Plagiocephaly Awareness Day: Mum Urges Parents To Be Aware Of 'Flat Head Syndrome' Symptoms

'I had this feeling in my heart something was wrong.'

A mother whose son was diagnosed with plagiocephaly - also known as "flat head syndrome" - has opened up about the little-known condition in a bid to raise awareness.

Aileen Sergent, 35, said when her son Loki was just a few weeks old, she noticed the size and shape of his head looked different.

But as a first-time mum, she said many health professionals put her worries down to being "overprotective".

"It was gut instinct," Sergent told The Huffington Post UK. "I wasn't happy and had this feeling in my heart something was wrong.

"I wasn't going to stop until I found out."

Aileen Sergent and her son Loki during treatment
Aileen Sergent and her son Loki during treatment

Plagiocephaly is when a baby develops a flattened head, usually as a result of them spending a lot of time lying on their back.

It is caused by pressure on the soft skull bones, which have not yet fused, and become moulded into a different shape.

The number of babies developing plagiocephaly is increasing - 13 years ago, just 5% of babies developed the condition, according to Great Ormond Street.

But now as as many as 50% of babies show symptoms, and of those who are diagnosed, 19% will suffer some degree of physical developmental delay.

Sergent said she had noticed Loki's head seemed flat at the back just a few days after he was born and it got worse as the weeks went on.

She'd never heard of plagiocephaly before, so wasn't aware what was causing it.

Sergent said when she asked medical professionals and health visitors whether they thought something was wrong with Loki's head, no one mentioned the possibility of it being plagiocephaly.


"My family could see where I was coming from," Sergent explained. "BUt maybe even they felt that I was going overboard a little bit, but I just knew something was wrong.

"When I went to the doctor he said: 'Stop looking at his bad points and concentrate on his good points'.

"I went for a second opinion but I was still getting the same story."

Sergent said the first time she considered the possibility of her son having plagiocephaly was after she began looking on Google for answers.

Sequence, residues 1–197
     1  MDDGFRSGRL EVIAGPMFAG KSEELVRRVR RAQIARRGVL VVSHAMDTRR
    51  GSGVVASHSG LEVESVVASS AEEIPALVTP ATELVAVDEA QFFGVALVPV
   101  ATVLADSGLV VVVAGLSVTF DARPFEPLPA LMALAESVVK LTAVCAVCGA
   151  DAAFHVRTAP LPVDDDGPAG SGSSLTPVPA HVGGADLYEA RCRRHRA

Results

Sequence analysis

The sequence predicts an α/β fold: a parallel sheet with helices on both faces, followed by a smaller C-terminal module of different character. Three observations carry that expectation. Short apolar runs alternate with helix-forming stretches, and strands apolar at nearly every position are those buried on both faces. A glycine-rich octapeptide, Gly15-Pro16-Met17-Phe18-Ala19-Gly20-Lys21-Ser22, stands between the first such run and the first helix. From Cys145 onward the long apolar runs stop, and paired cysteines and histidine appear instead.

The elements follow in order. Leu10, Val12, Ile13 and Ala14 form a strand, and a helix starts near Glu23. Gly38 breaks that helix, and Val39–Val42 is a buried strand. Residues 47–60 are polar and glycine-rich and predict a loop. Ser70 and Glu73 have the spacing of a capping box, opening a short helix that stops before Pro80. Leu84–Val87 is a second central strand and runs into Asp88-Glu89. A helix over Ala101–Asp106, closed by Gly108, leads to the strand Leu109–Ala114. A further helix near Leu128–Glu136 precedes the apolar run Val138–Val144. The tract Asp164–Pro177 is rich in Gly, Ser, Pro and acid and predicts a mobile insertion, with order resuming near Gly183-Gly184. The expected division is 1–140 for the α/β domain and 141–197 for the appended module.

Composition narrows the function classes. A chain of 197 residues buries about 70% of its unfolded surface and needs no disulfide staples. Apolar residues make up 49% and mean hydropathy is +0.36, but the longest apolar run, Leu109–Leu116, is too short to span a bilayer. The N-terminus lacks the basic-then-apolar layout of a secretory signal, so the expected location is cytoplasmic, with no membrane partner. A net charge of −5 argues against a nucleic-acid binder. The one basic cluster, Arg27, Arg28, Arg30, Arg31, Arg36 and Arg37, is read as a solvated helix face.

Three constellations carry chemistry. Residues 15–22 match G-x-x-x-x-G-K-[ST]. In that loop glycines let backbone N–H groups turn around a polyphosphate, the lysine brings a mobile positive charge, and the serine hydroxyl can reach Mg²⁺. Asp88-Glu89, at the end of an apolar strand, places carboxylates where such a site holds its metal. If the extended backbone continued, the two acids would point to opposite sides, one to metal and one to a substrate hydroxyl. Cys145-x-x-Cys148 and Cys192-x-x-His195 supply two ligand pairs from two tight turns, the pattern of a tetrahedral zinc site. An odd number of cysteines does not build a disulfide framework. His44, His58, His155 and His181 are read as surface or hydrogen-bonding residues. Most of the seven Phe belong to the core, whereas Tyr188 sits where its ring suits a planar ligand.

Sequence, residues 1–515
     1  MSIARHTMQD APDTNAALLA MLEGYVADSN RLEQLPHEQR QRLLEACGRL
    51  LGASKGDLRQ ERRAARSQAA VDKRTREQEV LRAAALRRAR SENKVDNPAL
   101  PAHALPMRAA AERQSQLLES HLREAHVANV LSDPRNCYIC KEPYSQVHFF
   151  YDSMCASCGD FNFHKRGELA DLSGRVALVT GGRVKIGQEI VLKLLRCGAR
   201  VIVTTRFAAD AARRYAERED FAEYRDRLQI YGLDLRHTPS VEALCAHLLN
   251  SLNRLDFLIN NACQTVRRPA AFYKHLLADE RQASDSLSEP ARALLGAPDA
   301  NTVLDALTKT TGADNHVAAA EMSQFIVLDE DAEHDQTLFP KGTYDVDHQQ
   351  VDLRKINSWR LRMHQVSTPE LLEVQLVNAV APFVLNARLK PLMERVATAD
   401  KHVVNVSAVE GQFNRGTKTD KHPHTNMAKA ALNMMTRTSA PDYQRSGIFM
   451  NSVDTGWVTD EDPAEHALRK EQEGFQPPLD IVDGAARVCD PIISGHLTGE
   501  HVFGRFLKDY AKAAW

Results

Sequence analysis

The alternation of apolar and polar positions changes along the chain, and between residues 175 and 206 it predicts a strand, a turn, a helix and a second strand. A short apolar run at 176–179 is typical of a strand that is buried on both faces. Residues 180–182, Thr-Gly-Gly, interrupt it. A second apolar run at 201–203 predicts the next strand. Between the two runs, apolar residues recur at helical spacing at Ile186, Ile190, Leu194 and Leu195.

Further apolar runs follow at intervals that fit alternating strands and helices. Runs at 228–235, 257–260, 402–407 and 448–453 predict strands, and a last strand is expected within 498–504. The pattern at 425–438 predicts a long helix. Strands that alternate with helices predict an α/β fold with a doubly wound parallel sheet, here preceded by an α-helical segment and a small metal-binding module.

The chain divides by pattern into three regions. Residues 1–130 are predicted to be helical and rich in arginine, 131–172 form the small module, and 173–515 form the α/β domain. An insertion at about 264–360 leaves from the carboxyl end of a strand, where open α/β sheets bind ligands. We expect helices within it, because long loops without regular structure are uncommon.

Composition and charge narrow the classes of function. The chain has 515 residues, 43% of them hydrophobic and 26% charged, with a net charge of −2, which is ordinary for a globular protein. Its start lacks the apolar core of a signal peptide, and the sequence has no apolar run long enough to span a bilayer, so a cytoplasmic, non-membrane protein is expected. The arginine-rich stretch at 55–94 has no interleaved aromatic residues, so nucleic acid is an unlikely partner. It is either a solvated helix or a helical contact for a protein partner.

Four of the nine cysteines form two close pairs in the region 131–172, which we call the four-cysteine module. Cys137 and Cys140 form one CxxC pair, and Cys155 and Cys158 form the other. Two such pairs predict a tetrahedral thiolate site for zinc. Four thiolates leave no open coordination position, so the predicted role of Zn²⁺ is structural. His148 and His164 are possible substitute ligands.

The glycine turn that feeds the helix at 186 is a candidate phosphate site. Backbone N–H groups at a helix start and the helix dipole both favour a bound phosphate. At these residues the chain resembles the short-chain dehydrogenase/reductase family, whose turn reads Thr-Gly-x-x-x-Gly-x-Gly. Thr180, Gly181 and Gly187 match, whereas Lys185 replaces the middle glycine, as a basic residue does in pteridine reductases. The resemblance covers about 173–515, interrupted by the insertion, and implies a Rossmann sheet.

She came across the symptoms of the condition online and got in touch with a private clinic in Leeds.

"They knew straight away," she said. "We went for an initial assessment and he was scanned that day.

"The results came back to say he was 'borderline severe' and was recommended to have a helmet straight away."

Loki was officially diagnosed with plagiocephaly when he was 16 weeks old.

The most common treatment for plagiocephaly is wearing a corrective helmet for a period of time. These specially-designed helmets help improve the shape of a baby's skull as they grow.

They apply pressure to "bulging" parts of the skull and relieve pressure from other parts, allowing growth in the flatter areas.

Treatment is started when the child's skull is still soft and the device is worn almost continuously for several months.

Such treatment is currently not available through the NHS and can cost upwards of £2,000, making it unobtainable to many parents.


Sergent paid for private treatment for Loki. His head was scanned and the images were sent off to America where his helmet was made.

Two weeks later, he went for his first fitting and had adjustments made to ensure it was comfortable.

Loki needed to wear his helmet was for 23 hours a day, but Sergent said they had to build up to this amount.

"The first day it was as little as an hour on, an hour off, and then two hours on, two hours off," she said.

"Within a week we were up to 23 hours. We would only take it off to clean the head and helmet, but Loki completely took it in his stride.

"He happily played and slept in it all the time."

The next 18 weeks weren't an easy ride, as Sergent and Loki went back and forth to the clinic to ensure the helmet was accommodating his head.

He would be re-scanned and the helmet would be adjusted.

But in the final weeks of treatment the specialists reassured Sergent that it wouldn't be long before the helmet would be off.

"It was amazing when Loki finally got the helmet off - we even miss it in some ways," Sergent said. "It was our protective barrier when he was crawling.

"I couldn't stop touching his head - he is absolutely fine now and it worked perfectly."

Sergent has since had a second child and she said she took steps to reduce the chance of him developing plagiocephaly.

She now urges new parents to be aware these precautions.

"Tummy time from birth is important," she explained.

"I even got a special mattress that was softer so it moulded more to the head.

"My advice would be to focus on repositioning the baby for the first six months, so they're not always laying on their back for long periods of time.

"With my second son I would make sure I was repositioning him in every way I could.

"I would carry him, keep him out of the car seat for a long time and make sure he had time on his tummy."

The preventative treatments recommended by the NHS include tummy time, varying the way baby is carried/handled, feeding on both sides, and strategically positioning mobiles and toys in their cots to change the direction of focus.

Sergent added: "If you haven't heard of it, you won't know what to look for but remember kids don't have to spend all their time laying down on their back."

Babymoov is supporting World Plagiocephaly Awareness Day to highlight the little known condition that affects half of all babies under the age of one.

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